Tuesday, January 10, 2017

Ex Machina

Ex Machina; science-fiction drama, UK / USA, 2015; D: Alex Garland, S: Domnhall Gleeson, Alicia Vikander, Oscar Isaac, Sonoya Mizuno

Computer programmer Caleb is selected to travel to a desolate hut of Nathan, a rich CEO of a software company, and participate in a revolutionary test: to communicate with the first ever artificial intelligence, a humanoid robot named Ava. Nathan keeps Ava separated in her own compound, and Caleb thus talks to her through a glass wall separating them. They talk about Caleb's private life, as well as about Ava's, who also dresses up as real human when she puts on a wig and clothes. Nathan finally admits Caleb that he wanted to test Ava's intelligence by seeing if she could manage to trick Caleb into helping her escape. However, Ava manages to do just that when she kills Nathan and locks Caleb in the compound, leaving the place.

"Ex Machina" is another film that seems to have fallen victim of the studio that wanted to shoehorn more action and thrills in it to appeal to the wider audience, even though it completely clashed with the story's own philosophy. When it is a philosophical piece, "Ex Machina" is brilliant, posing several thought provocative questions about the relationship between human intelligence and the upcoming artificial intelligence, including the questions about free will and programming. Unfortunately, this high impression is heavily contaminated by a completely misguided finale, a one that resorted to cheap "Frankenstein" thrills despite itself: the whole finale is utterly false and seems to exist only so that the violence can fulfil the forced criteria of conflict — just because it is the norm judged for today's endings in movies.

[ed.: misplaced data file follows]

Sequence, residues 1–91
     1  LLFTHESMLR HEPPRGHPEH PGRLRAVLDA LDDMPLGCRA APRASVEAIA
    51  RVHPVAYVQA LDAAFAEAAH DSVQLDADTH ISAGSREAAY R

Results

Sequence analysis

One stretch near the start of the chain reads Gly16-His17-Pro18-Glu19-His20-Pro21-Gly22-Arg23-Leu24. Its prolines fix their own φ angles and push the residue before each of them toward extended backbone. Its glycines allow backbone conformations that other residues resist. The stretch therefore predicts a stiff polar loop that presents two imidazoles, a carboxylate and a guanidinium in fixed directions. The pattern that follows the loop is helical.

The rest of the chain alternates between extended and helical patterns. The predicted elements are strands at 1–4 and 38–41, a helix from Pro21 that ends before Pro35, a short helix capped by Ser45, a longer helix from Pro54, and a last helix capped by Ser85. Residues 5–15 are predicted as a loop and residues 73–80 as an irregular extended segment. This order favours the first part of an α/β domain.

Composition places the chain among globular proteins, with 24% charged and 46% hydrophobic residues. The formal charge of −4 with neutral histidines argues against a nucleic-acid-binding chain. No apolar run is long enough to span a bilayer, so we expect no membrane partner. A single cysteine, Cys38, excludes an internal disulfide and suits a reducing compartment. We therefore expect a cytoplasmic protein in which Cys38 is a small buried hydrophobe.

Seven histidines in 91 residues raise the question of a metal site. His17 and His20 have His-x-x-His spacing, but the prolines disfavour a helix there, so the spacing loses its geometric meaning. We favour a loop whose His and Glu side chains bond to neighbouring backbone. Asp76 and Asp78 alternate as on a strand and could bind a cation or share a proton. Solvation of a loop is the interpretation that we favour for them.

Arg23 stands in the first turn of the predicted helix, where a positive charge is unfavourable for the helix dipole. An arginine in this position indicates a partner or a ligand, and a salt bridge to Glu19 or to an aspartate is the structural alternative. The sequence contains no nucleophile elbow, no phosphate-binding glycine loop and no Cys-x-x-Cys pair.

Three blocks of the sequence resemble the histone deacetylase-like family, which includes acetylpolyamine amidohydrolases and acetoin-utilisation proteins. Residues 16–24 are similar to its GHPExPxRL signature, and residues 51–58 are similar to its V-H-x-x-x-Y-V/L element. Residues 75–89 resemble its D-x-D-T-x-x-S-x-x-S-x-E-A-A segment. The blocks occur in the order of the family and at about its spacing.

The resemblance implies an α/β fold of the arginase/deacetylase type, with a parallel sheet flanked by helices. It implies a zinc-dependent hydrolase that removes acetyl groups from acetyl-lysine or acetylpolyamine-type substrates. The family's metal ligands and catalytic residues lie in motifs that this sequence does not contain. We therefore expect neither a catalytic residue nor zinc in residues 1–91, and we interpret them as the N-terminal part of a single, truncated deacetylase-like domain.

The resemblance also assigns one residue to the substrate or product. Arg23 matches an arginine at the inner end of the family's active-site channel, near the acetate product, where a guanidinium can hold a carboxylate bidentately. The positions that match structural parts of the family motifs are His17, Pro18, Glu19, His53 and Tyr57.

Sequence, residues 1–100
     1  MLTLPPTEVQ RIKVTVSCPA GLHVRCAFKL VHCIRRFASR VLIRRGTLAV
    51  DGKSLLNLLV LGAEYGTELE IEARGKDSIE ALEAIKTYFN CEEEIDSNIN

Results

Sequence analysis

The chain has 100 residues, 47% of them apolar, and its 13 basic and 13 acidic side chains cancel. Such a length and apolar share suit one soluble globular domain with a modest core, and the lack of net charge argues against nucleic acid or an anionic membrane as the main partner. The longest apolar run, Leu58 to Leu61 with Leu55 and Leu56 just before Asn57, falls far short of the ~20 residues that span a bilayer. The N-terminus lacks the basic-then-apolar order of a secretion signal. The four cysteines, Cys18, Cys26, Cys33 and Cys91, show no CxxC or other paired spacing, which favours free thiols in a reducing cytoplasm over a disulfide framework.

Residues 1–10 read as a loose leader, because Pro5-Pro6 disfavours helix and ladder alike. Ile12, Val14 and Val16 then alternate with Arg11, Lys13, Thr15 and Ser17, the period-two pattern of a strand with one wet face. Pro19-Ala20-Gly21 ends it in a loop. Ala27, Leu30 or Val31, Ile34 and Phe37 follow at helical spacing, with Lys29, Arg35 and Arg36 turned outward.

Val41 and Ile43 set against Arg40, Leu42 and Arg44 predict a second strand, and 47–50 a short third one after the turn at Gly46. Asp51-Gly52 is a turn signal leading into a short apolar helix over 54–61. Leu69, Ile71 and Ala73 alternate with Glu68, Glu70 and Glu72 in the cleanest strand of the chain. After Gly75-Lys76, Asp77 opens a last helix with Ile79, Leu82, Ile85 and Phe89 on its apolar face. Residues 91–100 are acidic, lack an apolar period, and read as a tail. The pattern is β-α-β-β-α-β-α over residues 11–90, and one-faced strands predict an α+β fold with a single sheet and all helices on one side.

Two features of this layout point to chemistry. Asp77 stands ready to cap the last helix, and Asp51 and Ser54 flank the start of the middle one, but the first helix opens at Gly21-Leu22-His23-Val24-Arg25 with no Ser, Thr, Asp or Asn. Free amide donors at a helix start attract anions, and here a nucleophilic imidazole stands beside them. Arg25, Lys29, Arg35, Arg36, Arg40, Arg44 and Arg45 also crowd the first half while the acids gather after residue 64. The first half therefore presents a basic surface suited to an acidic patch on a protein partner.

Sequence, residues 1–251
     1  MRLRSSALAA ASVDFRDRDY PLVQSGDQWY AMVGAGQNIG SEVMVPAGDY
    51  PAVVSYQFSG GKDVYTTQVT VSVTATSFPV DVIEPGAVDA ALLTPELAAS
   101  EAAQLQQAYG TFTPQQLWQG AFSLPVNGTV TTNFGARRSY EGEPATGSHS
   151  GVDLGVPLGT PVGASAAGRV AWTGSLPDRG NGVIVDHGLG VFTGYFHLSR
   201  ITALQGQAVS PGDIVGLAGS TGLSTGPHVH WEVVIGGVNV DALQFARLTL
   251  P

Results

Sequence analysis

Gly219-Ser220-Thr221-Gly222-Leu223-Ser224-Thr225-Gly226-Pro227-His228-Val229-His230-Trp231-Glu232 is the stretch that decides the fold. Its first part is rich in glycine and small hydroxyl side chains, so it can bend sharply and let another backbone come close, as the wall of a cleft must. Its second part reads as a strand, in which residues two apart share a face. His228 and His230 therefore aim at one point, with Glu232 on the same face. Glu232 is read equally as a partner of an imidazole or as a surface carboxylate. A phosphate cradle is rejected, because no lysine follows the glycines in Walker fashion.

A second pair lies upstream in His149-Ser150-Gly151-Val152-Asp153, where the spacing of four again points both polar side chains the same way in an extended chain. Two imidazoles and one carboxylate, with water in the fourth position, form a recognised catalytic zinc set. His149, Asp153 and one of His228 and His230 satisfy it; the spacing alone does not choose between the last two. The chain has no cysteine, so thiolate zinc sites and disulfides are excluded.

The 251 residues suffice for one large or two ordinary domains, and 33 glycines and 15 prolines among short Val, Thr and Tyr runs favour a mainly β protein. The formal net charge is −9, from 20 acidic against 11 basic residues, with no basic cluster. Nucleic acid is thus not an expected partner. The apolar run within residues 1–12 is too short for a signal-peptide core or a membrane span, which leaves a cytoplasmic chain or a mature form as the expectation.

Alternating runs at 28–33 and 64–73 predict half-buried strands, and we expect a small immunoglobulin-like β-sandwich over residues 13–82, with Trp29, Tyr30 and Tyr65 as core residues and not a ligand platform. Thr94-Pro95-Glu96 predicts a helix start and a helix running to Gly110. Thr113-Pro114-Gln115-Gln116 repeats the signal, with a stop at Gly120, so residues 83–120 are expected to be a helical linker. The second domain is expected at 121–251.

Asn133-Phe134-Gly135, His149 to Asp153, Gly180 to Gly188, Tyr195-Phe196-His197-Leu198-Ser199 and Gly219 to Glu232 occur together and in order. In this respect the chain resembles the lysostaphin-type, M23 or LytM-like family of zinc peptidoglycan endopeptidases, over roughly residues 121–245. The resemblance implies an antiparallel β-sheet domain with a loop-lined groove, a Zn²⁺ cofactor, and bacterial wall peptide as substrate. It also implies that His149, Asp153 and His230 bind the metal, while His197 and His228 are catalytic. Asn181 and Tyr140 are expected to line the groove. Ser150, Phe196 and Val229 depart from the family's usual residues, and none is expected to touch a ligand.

Ava is no monster, and neither is Nathan, making their conflict in the end pointless. It also leaves several illogical plot points behind: for instance, why didn't he simply let her out? Why didn't he install the Three Laws of the Robotics into her? Why couldn't he simply order his other robots to restrain Ava, instead of doing it himself? The conclusion in the thematically similar movie "Her" is thus far more appropriate. Still, before it, the film has several juicy, delicious philosophical debates, which are a delight to listen, especially between Nathan and Caleb ("I programmed her to be heterosexual, just like you were programmed to be heterosexual". - "What...? Nobody programmed me to be straight!" - "*You* decided to be straight? Please! Of course you were programmed, by nature or nurture or both!"; "One day the AIs are going to look back on us the same way we look at fossil skeletons on the plains of Africa"). A small jewel here is the great performance by Alicia Vikander, whose AI robot, without hair or skull, uses her expressionistic face to the maximum, and just like Data from "Star Trek: Next Generation", she has some sort of playful charm and innocence that really makes the viewers curious to wonder if there is even a fine line between human or AI.


No comments: